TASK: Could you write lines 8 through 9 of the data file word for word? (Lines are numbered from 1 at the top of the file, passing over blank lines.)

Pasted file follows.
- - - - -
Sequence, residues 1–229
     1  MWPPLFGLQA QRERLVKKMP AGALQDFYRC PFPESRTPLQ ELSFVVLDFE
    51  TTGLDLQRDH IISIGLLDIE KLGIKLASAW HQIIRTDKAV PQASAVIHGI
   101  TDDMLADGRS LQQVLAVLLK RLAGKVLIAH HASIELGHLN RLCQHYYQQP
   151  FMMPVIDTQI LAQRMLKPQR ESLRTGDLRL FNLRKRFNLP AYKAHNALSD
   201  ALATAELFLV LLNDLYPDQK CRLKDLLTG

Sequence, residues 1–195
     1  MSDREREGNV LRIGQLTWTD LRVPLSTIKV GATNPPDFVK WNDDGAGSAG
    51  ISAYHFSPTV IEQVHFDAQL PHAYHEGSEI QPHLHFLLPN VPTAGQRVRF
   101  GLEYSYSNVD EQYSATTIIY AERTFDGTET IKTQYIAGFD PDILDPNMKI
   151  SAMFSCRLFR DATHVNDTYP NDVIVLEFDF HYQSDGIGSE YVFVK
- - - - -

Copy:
     1  MSDREREGNV LRIGQLTWTD LRVPLSTIKV GATNPPDFVK WNDDGAGSAG
    51  ISAYHFSPTV IEQVHFDAQL PHAYHEGSEI QPHLHFLLPN VPTAGQRVRF